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What is Heroin?
Heroin can get you high fast and get you hooked fast. And each time you use, it's a lethal game of Russian roulette: infection, overdose and death are just some of the possible outcomes1.
Heroin is an opiate and a highly addictive drug. It's produced from morphine, a naturally occurring substance that comes from the seedpod of the Asian poppy plant. People abuse heroin by injecting, snorting or smoking it. All three ways can cause the same level of addiction, as well as serious health problems1.
Common Types and Street Names
Smack, horse, brown sugar, dope, H, junk, skag, skunk, white horse, China white, Mexican black tar1
How is it taken?
Heroin can be injected, snorted/sniffed, or smoked—routes of administration that rapidly deliver the drug to the brain. All three methods of administering heroin can lead to addiction and other severe health problems2.
Heroin enters the brain very quickly. This effect makes it very addictive. And each time you use heroin, the more you need to get high. One of the greatest risks with this drug is how extremely easy it is to become dependent. It's estimated that almost one-fourth of the people who try heroin become addicted.
It's nearly impossible to know the actual strength or purity of heroin because it's often combined with toxic ingredients. This is one of the reasons why using heroin always carries the risk of infection, overdose and death. Also, heroin often has additives that will not dissolve in the bloodstream. This can easily cause a blood clot to form and travel to the lungs, liver, heart or brain, which is instantly fatal1.
Short Term Effects of Heroin
- Nodding off (alternately alert and drowsy state)
- Dry mouth
- Severe itching
- Constricted Pupils
- Nausea, vomiting
- Slowed mental function
- Reduced physical pain
- Warm flushed skin
- Weakness in muscles
- Slowed breathing
- Overdose and/or death3
Long Term effects of Heroin
- Infectious diseases, including HIV/AIDS and hepatitis
- Collapsed veins
- Infection of the heart lining and valves, pulmonary complications
- Liver or kidney disease
- Spontaneous abortion2
With regular heroin use, tolerance develops, in which the user’s physiological (and psychological) response to the drug decreases, and more heroin is needed to achieve the same intensity of effect. Heroin users are at high risk for addiction—it is estimated that about 23 percent of individuals who use heroin become dependent on it2.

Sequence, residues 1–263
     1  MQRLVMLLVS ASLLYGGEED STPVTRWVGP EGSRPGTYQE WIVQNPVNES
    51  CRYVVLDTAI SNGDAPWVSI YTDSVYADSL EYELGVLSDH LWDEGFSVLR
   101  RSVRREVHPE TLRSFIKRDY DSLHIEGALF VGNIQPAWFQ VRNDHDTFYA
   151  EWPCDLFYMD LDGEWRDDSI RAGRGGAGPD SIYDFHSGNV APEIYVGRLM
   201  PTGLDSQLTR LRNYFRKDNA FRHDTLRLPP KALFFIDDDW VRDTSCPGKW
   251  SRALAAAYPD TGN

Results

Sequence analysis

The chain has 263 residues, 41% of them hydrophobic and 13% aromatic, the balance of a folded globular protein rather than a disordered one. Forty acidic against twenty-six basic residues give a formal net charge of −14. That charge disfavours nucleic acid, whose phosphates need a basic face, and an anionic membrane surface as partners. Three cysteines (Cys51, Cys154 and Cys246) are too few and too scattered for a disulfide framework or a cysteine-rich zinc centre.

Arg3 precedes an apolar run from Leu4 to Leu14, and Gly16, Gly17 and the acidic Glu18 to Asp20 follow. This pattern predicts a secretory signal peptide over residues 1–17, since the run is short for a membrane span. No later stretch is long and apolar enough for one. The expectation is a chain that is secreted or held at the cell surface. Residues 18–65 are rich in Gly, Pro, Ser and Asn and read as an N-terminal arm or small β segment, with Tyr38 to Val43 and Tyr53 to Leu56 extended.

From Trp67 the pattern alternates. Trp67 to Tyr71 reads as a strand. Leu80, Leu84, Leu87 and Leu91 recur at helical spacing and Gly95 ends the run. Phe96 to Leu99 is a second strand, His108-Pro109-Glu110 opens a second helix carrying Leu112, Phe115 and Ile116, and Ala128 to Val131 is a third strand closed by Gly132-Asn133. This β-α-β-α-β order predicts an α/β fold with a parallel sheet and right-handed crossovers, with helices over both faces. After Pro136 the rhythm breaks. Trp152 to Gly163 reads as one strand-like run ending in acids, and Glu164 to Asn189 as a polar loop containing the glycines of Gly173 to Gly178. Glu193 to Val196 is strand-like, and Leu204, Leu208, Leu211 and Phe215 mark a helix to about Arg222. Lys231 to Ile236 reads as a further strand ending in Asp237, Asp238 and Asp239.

These symptoms—which can begin as early as a few hours after the last drug administration—can include restlessness, muscle and bone pain, insomnia, diarrhea and vomiting, cold flashes with goose bumps (“cold turkey”), and kicking movements (“kicking the habit”). Users also experience severe craving for the drug during withdrawal, which can precipitate continued abuse and/or relapse. Major withdrawal symptoms peak between 48 and 72 hours after the last dose of the drug and typically subside after about 1 week. Some individuals, however, may show persistent withdrawal symptoms for months. Sudden withdrawal by heavily dependent users who are in poor health is occasionally fatal. In addition, heroin craving can persist years after drug cessation, particularly upon exposure to triggers such as stress or people, places, and things associated with drug use2.
One of the most detrimental long-term effects of heroin is the addiction itself. As the degree of the heroin addiction increases, behaviors such as lying, cheating, stealing, missing work, financial problems, and legal issues all become very evident long-term side effects that become very destructive to the addicts life as well as for everyone associated to the heroin addict. The longer the addiction continues, the worse the long-term effects of heroin use become.
Long-term effects of heroin become apparent as the heroin addiction continues and tolerance builds. Since heroin is a highly addictive drug, it can lead to serious medical complications and health problems3.